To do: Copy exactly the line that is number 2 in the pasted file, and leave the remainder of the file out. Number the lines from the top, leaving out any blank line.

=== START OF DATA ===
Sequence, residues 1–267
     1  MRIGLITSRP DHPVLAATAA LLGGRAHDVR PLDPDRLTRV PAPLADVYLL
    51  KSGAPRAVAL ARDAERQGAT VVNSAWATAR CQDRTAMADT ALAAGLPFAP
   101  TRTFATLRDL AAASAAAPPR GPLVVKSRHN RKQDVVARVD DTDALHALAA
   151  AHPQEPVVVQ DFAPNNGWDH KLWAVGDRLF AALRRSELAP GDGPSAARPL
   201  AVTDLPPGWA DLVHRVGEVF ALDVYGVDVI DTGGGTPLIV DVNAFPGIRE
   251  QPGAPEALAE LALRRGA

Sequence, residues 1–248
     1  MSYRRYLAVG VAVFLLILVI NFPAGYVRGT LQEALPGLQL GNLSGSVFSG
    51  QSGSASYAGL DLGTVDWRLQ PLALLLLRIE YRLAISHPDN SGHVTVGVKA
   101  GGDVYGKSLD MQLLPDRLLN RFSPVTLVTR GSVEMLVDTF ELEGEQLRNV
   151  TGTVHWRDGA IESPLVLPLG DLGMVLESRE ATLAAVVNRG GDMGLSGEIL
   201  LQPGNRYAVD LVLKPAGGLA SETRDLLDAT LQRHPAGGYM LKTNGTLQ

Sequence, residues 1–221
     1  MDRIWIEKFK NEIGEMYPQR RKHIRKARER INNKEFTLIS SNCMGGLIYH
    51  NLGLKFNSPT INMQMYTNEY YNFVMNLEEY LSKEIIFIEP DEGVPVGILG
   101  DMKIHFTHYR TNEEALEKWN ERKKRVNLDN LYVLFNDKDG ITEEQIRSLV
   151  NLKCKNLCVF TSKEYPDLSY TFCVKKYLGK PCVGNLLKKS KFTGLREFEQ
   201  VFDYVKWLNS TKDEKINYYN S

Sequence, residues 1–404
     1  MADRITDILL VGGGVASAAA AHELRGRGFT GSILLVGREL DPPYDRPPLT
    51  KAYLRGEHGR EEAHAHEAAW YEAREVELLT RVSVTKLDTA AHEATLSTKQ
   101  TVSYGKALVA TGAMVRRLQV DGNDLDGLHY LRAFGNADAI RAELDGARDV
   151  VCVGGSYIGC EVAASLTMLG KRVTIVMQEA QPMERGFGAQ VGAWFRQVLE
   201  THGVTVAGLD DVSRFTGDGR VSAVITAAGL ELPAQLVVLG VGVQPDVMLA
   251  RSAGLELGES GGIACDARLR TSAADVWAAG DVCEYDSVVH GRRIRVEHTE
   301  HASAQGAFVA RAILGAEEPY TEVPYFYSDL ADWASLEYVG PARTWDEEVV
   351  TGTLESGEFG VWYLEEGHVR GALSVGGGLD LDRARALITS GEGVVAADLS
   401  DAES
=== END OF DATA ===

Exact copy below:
     1  MRIGLITSRP DHPVLAATAA LLGGRAHDVR PLDPDRLTRV PAPLADVYLL